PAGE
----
age category. Age will thus have value as a risk adjustor. Conventional risk
adjustment will be unable to fully solve the quality problem since under
conventional risk adjustment private information remains about type and a health
plan would want to ‘underprovide’ service d and ‘overprovide’ service a to
attempt to attract the healthy within each age category. MVORA fixes this
The calculations below are simplified because the age categories are (0,1) and
the anticipated use of m d by the healthy type is zero. This allows us to avoid
explicit summations over types in the covariance terms below.
Let r cj denote the conventionally risk adjusted premium paid for an individual in
group j, then:
r cj 5 m a 1 gj m d
Conventional risk adjustment simply pays for each individual the average cost of
an individual in the age group the person belongs to.
Moving to optimal risk adjustment, we need to define some covariances for this
example. One should first notice that since all individuals in all age groups use the
same level of service a,
covsm a ,x jd 5 0, for j 5 1,2,3
covsm a ,Md 5 0,
where M denotes the total dollar value of services the individual receives.
As for service d, under our assumptions:
¯ dj 2 m
¯ dd for j 5 1,2,3
covsm d ,x jd 5 ajsm
m̄ dj 5 gj m d
is the average dollar value of services d used by an individual in age j, and
J. Glazer, T.G. McGuire / Journal of Public Economics 84 (2002) 153 – 173
O a m¯
j 51
is the population average use of service d.
Furthermore, since m a is the same for all individuals, we get that:
covsm d ,Md 5 varsm dd
In order to calculate the optimally risk adjusted premium we assume that the
plan breaks even namely,
b 5 ma 1 m
where b is the budget per person.
Note that under the conventionally risk adjusted premium above the plan also
breaks even, so the comparison between the two payments schemes will be on an
equal basis.
Plugging Eqs. (17)–(23) into Eqs. (10) and (11) we obtain that optimal risk
adjustment is a triple s b o1 , b o2 , b o3d that solves the following two equations:
O b a (m¯
¯ d ) 2Varsm dd 5 0
O b a 5 m 1 m¯
The MVORA is the triple s b 1* , b *2 , b *3 d that solves
O a fg sm 1 m 2 b d 1s1 2 g dsm 2 b d g
b 1 , b 2 , b 3j 51
s.t. Eqs. (24) and (25).
Table 1 presents a special case of the example above.
The first column in Table 1 specifies the three age groups, the second specifies
Table 1
An example of Conventional and Minimum Variance Optimal Risk Adjustment
J. Glazer, T.G. McGuire / Journal of Public Economics 84 (2002) 153 – 173
a, the proportion of each group in the population, the third column specifies g,
sickness’ d probability, the fourth column specifies m a , the dollar value of service
a, the fifth column specifies m d , the dollar value of service d. The last two columns
compare r c , the conventionally risk adjustment premium, with r*, the MVORA
premium, for each age group.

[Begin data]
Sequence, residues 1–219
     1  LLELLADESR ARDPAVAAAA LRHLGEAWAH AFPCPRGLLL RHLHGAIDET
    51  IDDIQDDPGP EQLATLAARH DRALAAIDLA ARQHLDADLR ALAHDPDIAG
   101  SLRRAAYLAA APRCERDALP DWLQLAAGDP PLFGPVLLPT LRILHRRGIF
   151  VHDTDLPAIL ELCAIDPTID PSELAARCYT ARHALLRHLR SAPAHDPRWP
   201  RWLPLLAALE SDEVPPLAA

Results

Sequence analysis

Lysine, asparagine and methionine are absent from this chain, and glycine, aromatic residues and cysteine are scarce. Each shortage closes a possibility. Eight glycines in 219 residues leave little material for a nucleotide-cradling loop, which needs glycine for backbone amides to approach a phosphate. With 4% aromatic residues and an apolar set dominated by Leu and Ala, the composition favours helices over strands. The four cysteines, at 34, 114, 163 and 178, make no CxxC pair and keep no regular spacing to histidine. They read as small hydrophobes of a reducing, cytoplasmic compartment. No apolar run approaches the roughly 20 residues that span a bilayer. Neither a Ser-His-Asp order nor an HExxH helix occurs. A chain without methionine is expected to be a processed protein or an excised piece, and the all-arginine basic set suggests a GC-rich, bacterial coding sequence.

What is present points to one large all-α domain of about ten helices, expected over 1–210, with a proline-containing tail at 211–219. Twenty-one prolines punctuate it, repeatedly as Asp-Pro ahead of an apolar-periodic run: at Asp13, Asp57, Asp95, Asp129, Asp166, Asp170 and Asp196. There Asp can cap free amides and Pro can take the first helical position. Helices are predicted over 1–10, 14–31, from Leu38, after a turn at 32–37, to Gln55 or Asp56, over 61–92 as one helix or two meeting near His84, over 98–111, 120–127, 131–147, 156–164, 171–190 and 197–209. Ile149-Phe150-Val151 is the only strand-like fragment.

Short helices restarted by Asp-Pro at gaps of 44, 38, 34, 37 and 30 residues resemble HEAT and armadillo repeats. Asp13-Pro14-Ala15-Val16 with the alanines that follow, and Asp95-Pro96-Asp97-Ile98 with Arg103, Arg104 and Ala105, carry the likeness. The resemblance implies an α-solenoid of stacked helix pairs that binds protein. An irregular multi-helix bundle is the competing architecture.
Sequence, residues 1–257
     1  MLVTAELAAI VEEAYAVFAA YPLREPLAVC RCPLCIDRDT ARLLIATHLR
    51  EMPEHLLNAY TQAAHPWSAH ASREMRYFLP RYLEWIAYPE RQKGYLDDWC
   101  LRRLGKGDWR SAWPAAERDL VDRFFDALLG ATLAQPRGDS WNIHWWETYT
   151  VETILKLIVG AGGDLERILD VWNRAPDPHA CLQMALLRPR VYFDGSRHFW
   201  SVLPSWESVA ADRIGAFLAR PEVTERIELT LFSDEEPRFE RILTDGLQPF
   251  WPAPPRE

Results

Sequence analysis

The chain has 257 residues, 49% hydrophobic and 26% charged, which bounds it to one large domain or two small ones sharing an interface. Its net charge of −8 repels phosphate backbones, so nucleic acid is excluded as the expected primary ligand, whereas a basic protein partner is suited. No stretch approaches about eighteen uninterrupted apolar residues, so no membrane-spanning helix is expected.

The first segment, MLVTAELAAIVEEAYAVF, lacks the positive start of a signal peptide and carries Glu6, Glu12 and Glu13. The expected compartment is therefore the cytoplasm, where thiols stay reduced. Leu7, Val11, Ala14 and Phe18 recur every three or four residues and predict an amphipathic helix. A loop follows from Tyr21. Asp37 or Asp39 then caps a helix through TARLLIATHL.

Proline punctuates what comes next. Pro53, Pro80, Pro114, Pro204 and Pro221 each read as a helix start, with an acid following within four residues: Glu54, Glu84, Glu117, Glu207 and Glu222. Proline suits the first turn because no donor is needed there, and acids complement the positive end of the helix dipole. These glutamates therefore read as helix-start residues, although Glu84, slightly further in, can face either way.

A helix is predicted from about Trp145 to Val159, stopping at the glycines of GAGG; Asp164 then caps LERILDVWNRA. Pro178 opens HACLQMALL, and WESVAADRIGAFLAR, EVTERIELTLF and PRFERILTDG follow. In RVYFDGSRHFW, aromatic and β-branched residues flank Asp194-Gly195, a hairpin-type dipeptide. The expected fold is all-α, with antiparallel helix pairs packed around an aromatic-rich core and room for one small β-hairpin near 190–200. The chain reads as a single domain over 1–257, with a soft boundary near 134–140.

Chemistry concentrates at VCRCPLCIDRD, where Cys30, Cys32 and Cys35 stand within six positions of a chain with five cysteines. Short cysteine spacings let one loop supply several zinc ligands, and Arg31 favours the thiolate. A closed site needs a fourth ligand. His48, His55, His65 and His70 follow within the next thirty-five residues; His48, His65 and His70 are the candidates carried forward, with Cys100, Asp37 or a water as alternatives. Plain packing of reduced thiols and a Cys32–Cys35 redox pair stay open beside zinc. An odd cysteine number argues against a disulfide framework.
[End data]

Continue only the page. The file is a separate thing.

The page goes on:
As can be seen from the table, the conventional and MVORA premiums are
quite different. For the relatively healthy age group 1 (the ‘young’) MVORA pays
much less than conventional risk adjustment whereas for the other two age groups
it pays much more. As is well-known, since age is an imperfect indicator of type, a
conventionally risk adjusted premium will leave a health plan with some
incentives to attract the healthy types (those that would use only service a) within
each age group. The conventional premiums would therefore induce a plan to
‘oversupply’ treatment for service a and ‘undersupply’ treatment for service d.
MVORA premiums counteract this incentive. By undersupplying service d, the
plan would tend to discourage relatively more of the age 3 people. By paying more
for the age 3 group, MVORA gives the plan a strong incentive to keep them.
Indeed, MVORA figures the risk-adjusted weights so that the incentive to supply
both service a and d is just balanced to efficiently allocate a fixed budget. The
marked disparity between the conventional risk adjustment and MVORA is a
consequence of the extreme assumption we make about private information. If
individuals could not perfectly forecast their health care use, MVORA would be
closer to conventional.
One can also return to Eq. (5) above to examine shadow prices if plans were
paid by conventional risk adjustment. In our extreme example, the situation would
be disastrous for service d. Since everyone who has positive spending on service d
is a loser (negative p ), the denominator of Eq. (5) is so small it is negative!
Essentially, a plan has an incentive with conventional risk adjustment to reduce
service d to as low a level as possible.
6. Uncertainty and asymmetric information
The analysis so far has assumed that both the plan and the individual know with
certainty the spending in dollars on each of the health care services that will be
used by the individual, m is . We shall now extend our model to the more realistic
case where both the individual and the plan only hold some beliefs about the
future health care needs of the individual, and these beliefs may not the same. We